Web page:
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Hearsay evidence

23 June 2011

A paediatric cardiologist facing allegations of sexual abuse has been successful in stopping the General Medical Council using hearsay evidence in disciplinary proceedings. The allegations relate to when he worked in Kenya. A key witness lived in Kenya, and while he was willing to travel to the disciplinary hearings, the GMC decided that the risk to the individual flowing from public exposure in homosexual activity outweighed the benefit of his personal attendance.

The High Court felt this decision was irrational. The stakes could not be higher for the cardiologist, both personally and professionally, and it was essential that he was given the opportunity to cross-examine the witness.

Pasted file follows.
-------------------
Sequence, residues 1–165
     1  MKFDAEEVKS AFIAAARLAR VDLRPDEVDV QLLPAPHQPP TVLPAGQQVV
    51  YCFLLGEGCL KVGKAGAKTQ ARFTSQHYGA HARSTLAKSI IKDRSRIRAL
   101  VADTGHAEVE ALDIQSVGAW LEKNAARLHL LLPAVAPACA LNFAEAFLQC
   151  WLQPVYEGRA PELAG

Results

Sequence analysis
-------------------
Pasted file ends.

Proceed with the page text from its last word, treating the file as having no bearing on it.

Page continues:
This decision is likely to be very influential in future disciplinary proceedings. It shows that in cases where sexual abuse is alleged, it is very important to allow the alleged perpetrator to challenge the allegations. While disciplinary proceedings tend not to have the formality or consequences of court action, nevertheless similar procedural safeguards must apply.

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